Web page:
The second day was reserved for workshops and some deep-dive sessions. Heavy rain and wet feet couldn't stop us from being there, not like many of the other attendants.

The following sections cover the most interesting topics and talks that we experienced this year.


Machine Learning/AI

One big topic at the Software Circus 2017 was Artificial Intelligence (AI), especially Machine Learning (ML).

In a practical part Google gave an intro into Tensorflow. It’s an Open Source library for AI and ML, that is developed by Google’s Brain Team. It performs operations on multidimensional arrays, so called tensors. As Google uses it for it’s search ranking, Tensorflow is worth a closer look.

In a theoretical talk Thiago de Faria spoke about ML, AI and DevOps. He introduced the history of AI and ML which goes back to the late 50’s and 60’s, where the first algorithms occurred. In the 90’s support vector machines mark another big step until 1997 IBM’s Deep Blue beat the World Champion at chess. Nowadays IBM’s Watson is one of the most famous AI / ML projects.

As Thiago is an ML practitioner he pointed out some very important questions concerning DevOps in AI and ML systems which still remain unanswered. A normal program is tested automatically in the context of Continuous Integration (CI). But how can you apply CI to AI and ML systems? Can you create automated tests for such a system? As even the smallest change in an AI has unpredictable effects and might break completely disjoint features, this is a very important point. Furthermore, a normal program is debuggable. You can set breakpoints and follow the program execution. But how can you debug AI and ML systems as there exists no traditional program flow? He hopes that those questions might be answered as AI and ML become more and more explainable.

At last he expressed his concerns and fears regarding ML. On the one hand existing biases might propagate into a system’s learned behavior and influence its decisions, on the other hand people might tend to delegate decisions to algorithms as they are too afraid to decide for themselves. Only time will reveal if his concerns were unfounded.

Software Architecture 

With many buzzwords flying around, it is sometimes forgotten that certain topics never loose their relevance. Independent technology consultant Simon Brown delivered an inspiring (re-) imagination of the modern Software Architect. He debunks the notion that a capable architect is only doing the up-front specification work (the seagull approach), and is an avid proponent of a hands-on approach to software architecture. An architect needs to have people skills as much as technological expertise and is an essential building block for well-performing dev teams.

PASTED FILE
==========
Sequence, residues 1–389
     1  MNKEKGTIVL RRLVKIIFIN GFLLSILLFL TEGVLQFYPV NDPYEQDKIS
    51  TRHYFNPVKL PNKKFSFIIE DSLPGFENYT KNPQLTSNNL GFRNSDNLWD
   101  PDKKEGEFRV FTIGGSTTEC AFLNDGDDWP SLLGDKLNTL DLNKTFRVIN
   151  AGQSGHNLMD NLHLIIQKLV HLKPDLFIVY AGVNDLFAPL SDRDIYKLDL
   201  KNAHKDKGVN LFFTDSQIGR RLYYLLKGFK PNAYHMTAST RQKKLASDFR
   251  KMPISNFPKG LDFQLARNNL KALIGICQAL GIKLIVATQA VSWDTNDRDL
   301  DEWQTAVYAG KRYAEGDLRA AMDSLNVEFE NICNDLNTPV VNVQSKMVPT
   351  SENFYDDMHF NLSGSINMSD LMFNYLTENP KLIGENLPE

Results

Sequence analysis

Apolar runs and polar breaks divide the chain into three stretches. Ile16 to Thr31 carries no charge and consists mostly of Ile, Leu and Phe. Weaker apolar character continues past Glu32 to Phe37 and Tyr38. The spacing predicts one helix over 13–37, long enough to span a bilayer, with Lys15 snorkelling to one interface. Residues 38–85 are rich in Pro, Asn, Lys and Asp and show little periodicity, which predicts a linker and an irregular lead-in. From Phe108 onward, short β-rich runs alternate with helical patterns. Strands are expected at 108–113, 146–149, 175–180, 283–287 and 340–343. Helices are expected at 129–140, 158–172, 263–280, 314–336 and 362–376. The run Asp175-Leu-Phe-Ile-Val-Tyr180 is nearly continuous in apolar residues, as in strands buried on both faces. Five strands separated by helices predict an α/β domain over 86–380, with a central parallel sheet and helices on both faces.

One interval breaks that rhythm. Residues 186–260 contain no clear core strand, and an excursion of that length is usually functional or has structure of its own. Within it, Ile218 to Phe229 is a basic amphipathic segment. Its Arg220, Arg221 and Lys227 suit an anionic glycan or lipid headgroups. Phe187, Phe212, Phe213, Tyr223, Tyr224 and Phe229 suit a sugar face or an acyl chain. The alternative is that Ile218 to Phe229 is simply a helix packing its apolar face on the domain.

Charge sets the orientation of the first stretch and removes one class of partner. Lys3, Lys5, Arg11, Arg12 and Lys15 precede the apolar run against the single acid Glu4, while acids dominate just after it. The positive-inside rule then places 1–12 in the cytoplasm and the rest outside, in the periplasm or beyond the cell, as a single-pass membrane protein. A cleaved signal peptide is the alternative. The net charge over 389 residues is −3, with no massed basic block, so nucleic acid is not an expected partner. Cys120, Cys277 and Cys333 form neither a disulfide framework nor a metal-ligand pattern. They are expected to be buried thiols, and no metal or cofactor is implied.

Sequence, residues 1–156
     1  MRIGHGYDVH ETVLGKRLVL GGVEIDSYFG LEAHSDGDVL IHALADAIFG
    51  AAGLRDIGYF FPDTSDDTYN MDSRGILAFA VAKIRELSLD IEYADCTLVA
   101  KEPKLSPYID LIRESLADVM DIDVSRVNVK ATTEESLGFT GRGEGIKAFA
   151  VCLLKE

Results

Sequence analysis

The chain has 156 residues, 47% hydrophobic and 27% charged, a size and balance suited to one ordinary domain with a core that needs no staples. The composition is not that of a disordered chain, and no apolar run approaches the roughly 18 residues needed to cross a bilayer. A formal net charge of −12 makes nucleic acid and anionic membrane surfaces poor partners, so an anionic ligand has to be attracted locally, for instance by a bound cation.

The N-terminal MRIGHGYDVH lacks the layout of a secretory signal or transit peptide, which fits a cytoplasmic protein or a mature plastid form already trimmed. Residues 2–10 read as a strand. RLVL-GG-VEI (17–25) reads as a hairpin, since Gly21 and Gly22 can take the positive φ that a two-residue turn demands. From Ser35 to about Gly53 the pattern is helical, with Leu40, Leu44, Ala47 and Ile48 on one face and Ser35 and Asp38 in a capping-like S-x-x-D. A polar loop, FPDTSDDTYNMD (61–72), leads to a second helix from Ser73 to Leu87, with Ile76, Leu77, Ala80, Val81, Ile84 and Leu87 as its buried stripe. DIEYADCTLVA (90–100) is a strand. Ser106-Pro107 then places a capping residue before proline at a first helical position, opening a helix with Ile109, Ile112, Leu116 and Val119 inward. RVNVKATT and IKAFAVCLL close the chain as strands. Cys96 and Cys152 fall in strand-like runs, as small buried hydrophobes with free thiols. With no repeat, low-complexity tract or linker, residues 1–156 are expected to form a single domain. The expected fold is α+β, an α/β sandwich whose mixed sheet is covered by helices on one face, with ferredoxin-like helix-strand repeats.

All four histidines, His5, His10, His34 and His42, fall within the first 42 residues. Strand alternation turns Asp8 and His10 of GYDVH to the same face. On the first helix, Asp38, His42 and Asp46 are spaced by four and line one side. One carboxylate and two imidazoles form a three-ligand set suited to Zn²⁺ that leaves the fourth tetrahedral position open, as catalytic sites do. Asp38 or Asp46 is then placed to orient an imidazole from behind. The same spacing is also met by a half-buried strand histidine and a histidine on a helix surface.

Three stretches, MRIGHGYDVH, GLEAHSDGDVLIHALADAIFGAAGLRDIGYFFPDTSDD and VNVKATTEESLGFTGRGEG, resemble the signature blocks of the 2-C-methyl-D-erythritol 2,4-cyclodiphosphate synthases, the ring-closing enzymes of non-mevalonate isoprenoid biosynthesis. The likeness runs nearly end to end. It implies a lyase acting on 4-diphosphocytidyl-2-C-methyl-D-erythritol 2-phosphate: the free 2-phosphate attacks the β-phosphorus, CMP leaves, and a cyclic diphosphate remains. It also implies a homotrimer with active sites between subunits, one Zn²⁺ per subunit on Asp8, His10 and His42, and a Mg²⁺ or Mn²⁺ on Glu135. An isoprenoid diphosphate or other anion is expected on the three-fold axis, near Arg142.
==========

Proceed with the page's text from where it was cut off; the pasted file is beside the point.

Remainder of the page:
Simon also advocates the use of modelling tools to support development. This does not mean UML necessarily, he introduced his own creation as an alternative: The C4 model for software architecture is a lightweight alternative to get started with a better architectural documentation.

DevOps 

Improving the software delivery process is still a key concern today and it was an important topic at the Software Circus as well. Often summarized under the 'DevOps' term, speakers and workshop organizers examined the matter from different perspectives, sharing success stories and cautionary tales. Maarten Dirkse of dutch online bookstore bol.com gave a workshop on doing continuous delivery - including automating canary deployments - using Gitlab-CI and Spinnaker.

DevOps is not about a particular technology, it is about culture and collaboration. This is the primary takeaway from Kris Buytaerts emotional talk in which he explained how "Docker Is Killing DevOps Efforts". He uses the Anti-Pattern of the "Enterprise Container", which contain an entire application-stack from Message-Queue to Database. By that he shows that simply adopting a particular technology does not solve the delivery problems and reminds everyone of the core values of the DevOps movement: culture, automation, measurement and sharing (CAMS).

DevOps principals are not only important in application development, as "DataOps" practitioner Thiago de Faria explained. With increasing importance, machine learning and AI projects need to think about their own delivery pipelines to tackle lock-in, onboarding and delivery problems.


Dealing with Legacy Applications 

Even if this year's Software Circus was using the theme "Cloudbusting", there was some good news for those of us dealing with monolithic legacy applications: David Pilato from Elastic Search demonstrated how legacy applications can easily adopt the Elastic stack with incredibly small effort (see github.com/dadoonet/legacy-search). Twelve brave attendants watched this morning's first demo on adopting Elastic Search, all of us defying rain, wind, cold and noise from trains and ice carving...

The new 6.0.0-beta version contains some really cool features: the now build-in client for Elastic's API can be integrated in your JAVA applications quite easily, comes with convenient query builders, and grants out-of-the-box access to the following features:

  • Bulk processing for high performance index operations
  • Custom analyzers for easy index token definitions
  • Easy data aggregations for your application specific needs
  • Fuzziness factor for typo tolerance
  • Easy Kibana integration

Good to know that Elastic Search cannot be used for time series only. Can't wait to try it out in our applications!

Conclusion

The Software Circus is worth a visit, especially if you tire a bit of the conventional conference setting. It is a community event in the truest sense, bringing the people together and creating a comfortable backdrop for talks and sessions. If you come for the conversations and the spirit, you will be delighted. If you are only in for the content, then you may leave longing for some more - even though the Circus had lots to offer in that regards as well!